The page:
SHANG’S ESCAPE FROM THE BLACK AND TANS - Jimmy returns to the story about John ‘Shang’ Scanlon and his escape from the Black and Tans. Jimmy feels that there wasn’t a lot of division after the Civil War in the area. There was no trouble in Clahánsavaun. No members of the IRA along the northern road.  
0:04:05 – 0:10:18 
1932 GENERAL ELECTION - Speaks about the 1932 General Election and the preceding lead up. Recalls the Fianna Fáil supporters marching around the area with a band. States that the people were very disappointed to hear he was going to the country in 1933. States that a man from Quilty accompanied Eamon de Valera to America. Refers to a rumour that de Valera collected money and didn’t bring it back home. States that de Valera didn’t come to West Clare much before the election of 1932 because there was more of a concentration of people in the towns. Speaks briefly about Frank Keane who would make speeches at rallies for Fianna Fáil.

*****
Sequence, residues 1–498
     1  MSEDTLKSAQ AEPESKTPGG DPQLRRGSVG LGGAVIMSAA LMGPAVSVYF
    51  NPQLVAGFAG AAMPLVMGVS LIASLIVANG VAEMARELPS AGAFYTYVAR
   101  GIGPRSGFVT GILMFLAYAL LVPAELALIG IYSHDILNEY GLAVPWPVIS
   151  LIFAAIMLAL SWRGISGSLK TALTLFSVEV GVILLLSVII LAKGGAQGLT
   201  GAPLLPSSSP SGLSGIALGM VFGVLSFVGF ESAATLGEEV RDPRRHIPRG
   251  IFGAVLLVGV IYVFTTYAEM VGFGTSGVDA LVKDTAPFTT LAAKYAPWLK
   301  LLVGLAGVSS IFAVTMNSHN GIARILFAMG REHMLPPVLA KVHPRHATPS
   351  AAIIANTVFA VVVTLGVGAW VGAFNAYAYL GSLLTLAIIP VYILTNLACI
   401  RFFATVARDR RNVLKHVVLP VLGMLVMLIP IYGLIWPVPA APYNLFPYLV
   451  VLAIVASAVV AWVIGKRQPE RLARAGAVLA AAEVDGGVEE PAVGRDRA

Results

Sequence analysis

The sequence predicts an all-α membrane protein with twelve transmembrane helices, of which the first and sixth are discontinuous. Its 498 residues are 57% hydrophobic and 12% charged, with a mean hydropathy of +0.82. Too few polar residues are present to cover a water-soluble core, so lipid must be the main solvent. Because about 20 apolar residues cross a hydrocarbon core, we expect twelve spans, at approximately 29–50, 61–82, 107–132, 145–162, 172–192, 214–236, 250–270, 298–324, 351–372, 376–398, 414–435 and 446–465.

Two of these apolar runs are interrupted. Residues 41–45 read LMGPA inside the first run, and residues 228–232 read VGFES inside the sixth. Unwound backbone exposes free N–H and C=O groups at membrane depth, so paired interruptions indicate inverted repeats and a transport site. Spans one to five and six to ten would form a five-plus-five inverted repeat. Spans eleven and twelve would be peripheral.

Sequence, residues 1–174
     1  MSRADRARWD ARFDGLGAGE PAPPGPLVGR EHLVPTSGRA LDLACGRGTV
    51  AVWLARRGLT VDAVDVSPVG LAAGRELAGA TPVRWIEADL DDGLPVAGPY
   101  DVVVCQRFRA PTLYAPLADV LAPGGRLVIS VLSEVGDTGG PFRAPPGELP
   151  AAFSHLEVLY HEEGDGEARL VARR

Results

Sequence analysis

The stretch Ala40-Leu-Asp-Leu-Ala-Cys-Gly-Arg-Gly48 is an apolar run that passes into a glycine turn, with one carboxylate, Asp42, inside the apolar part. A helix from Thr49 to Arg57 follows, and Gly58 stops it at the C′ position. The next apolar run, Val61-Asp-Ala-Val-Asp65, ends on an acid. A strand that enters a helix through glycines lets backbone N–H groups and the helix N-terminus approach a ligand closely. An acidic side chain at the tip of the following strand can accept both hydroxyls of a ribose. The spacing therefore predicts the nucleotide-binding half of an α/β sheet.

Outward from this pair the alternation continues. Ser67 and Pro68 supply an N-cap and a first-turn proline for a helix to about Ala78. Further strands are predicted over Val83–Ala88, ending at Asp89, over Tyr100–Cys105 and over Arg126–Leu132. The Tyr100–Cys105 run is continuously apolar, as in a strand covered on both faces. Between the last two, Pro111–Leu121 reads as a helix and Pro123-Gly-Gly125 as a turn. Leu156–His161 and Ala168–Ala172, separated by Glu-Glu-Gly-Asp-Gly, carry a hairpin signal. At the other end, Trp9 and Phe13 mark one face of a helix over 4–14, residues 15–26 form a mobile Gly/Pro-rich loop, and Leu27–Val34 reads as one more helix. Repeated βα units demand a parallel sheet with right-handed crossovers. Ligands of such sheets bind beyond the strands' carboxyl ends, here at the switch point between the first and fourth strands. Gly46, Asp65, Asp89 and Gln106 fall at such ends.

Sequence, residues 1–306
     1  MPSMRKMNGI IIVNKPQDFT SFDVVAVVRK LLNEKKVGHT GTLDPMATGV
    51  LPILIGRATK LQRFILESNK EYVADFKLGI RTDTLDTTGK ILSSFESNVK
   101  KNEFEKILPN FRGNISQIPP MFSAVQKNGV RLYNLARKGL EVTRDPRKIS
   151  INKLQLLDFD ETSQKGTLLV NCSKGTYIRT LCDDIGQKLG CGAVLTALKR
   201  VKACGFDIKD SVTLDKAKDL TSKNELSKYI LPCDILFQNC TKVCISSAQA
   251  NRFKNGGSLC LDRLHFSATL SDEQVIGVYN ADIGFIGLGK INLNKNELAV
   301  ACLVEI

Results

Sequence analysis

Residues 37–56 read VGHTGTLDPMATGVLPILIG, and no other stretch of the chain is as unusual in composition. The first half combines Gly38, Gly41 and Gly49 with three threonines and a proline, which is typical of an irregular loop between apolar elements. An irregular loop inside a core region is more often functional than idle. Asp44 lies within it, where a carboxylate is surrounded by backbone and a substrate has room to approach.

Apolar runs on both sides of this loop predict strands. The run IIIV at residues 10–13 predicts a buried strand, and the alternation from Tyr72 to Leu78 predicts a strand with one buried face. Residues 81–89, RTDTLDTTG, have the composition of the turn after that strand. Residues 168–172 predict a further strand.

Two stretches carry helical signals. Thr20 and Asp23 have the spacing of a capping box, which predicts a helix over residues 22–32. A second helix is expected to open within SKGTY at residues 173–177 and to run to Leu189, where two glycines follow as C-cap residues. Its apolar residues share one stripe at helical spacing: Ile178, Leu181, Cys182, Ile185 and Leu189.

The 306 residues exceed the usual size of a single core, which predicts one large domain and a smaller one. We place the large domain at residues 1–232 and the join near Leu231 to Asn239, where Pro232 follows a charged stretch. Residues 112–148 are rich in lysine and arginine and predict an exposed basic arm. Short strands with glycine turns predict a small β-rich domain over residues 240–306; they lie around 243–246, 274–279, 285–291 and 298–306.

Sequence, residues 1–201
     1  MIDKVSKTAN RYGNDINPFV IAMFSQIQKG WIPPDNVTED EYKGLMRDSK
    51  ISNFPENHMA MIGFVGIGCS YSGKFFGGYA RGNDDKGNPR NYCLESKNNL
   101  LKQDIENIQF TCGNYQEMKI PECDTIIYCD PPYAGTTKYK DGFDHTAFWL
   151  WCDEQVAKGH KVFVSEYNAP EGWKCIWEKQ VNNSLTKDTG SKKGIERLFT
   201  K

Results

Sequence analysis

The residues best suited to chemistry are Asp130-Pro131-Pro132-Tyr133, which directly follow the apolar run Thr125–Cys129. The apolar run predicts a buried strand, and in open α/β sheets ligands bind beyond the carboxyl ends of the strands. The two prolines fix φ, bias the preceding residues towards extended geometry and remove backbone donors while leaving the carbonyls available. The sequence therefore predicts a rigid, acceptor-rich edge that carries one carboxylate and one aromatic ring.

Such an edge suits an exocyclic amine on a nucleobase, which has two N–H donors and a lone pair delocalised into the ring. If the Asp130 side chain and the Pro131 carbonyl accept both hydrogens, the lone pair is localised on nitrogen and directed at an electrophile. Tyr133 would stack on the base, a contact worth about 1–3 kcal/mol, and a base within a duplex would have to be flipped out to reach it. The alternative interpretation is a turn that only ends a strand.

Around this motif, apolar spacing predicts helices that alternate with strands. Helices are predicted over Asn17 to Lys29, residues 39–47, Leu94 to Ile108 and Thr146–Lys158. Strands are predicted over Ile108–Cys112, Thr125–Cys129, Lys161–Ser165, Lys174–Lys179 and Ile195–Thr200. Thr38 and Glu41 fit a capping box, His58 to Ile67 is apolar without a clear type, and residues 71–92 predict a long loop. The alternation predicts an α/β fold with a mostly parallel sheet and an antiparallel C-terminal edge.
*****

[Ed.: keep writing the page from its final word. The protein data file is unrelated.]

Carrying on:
0:10:19 – 0:12:54 
A STORY ABOUT HIS GRANDSON - Jimmy tells a story about his grandson.  
0:12:55 – 0:22:16 
CURES AND HEALTH - Jimmy recalls when he badly hurt his knee when he was nine years old. He was out hunting hares on a Sunday. Speaks about Dr. Gallery was the Doctor that tended to him over the following two to three months when he was recovering. Speaks about the curative qualities of seaweed and also its use as a fertiliser. Note: Interview is interrupted by a visitor  
File 3 0:00:00 – 0:13:46